TikTok revamps community guidelines amid looming threat of US ban

Amendments are meant to assure users of safety and help them 'better understand the decisions about how the platform works'

The ByteDance-owned social media platform TikTok has long faced allegations that it is a threat to national security. AFP
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TikTok, the globally popular short video-sharing application, has revamped its community guidelines in a bid to provide more transparency on its use amid a looming threat of a ban in the US.

The ByteDance-owned app, which has long faced allegations that it is a threat to national security, said the amendments to the guidelines are meant to assure users of safety and help them to “better understand the decisions about how the platform works”, TikTok said in a statement on Tuesday.

Among the key changes to the platform are advancing rules for how it treats synthetic media, which is content created or modified by artificial intelligence, and adding the word “tribe” as a protected attribute in its hate speech and hateful behaviour policies.

The rules and guidelines have been organised thematically into different topic areas, including behavioural and mental health, it said.

TikTok said it consulted with more than 100 global organisations in the reshaping of its guidelines, helping “strengthen their rules and respond to new threats and potential harms”.

It will also provide more detail on how it protects civic and election integrity, including its approach to government, politician and political party accounts.

Why is the US concerned about TikTok?

Why is the US concerned about TikTok?

The changes come as TikTok chief executive Shou Zi Chew prepares to make his first ever appearance before the US Congress on Thursday, when he is expected to be grilled on the allegations.

TikTok said the changes are to take effect starting April 21, and it will provide additional training to its moderators to help enforce the updated rules.

“These principles are based on TikTok's commitment to uphold human rights and aligned with international legal frameworks,” it said.

“These principles guide TikTok's decisions about how they moderate content, so that the platform can strive to be fair in their actions, protect human dignity, and strike a balance between freedom of expression and preventing harm.”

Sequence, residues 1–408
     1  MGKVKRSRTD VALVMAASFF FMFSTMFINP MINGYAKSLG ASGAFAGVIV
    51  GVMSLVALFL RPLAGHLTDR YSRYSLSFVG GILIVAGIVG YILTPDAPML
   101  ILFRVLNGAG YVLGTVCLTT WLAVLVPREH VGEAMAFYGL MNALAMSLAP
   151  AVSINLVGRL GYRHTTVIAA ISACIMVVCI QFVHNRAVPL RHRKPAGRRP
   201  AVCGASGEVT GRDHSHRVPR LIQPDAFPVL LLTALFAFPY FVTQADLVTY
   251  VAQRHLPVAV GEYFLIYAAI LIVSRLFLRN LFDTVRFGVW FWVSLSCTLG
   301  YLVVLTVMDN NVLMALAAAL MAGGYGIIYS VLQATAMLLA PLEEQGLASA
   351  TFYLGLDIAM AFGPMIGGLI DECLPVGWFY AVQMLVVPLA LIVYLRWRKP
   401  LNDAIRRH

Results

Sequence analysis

TikTok did not explicitly say that the revamp is in response to the spectre of being banned in the US.

"Over the last few years, we've released yearly updates to our community guidelines. This is our most comprehensive refresh to date, and it's been in the making for months, with our safety professionals consulting TikTok creators and external experts to help strengthen our rules," a TikTok spokesperson told The National on Tuesday.

Several countries have raised concerns over TikTok's ties to Beijing and how the Chinese government can use the platform to harvest data from its users.

A number of countries have already instituted an outright ban on the app, including India and Pakistan.

Other countries and territories, including the US, the UK, France, Denmark, Belgium, New Zealand and Taiwan, have banned TikTok from government phones or on devices that have access to government data.

Critics also say TikTok and short video-scrolling apps like it are bad for users' mental health and attention spans, particularly that of teenagers.

Last week, US President Joe Biden's administration demanded that TikTok's owners divest their stakes in the app or risk a ban. Mr Biden's predecessor, Donald Trump, attempted to ban TikTok in 2020, only to be blocked by US courts.

TikTok has continuously denied the allegations of data harvesting by Beijing, while China has accused the US of “unreasonably suppressing” the platform.

An outright ban in the US would deal a huge blow to TikTok, which now has about 150 million users in the world's biggest economy, it said on Monday, as reported by Reuters.

Globally, the app is the sixth-biggest platform, with more than a billion monthly active users, trailing WeChat, Instagram, WhatsApp, YouTube and market leader Facebook, according to Statista.

Its advertising revenue has surged each year since 2019, recording significant jumps annually: From $340 million in 2019, the company has grown the figure multifold to more than $18 billion in 2023, data from e-commerce platform Oberlo showed.

“Through these refreshed community guidelines, TikTok is offering their community more transparency around their rules and how they're enforced,” it said.

Updated: March 21, 2023, 2:39 PM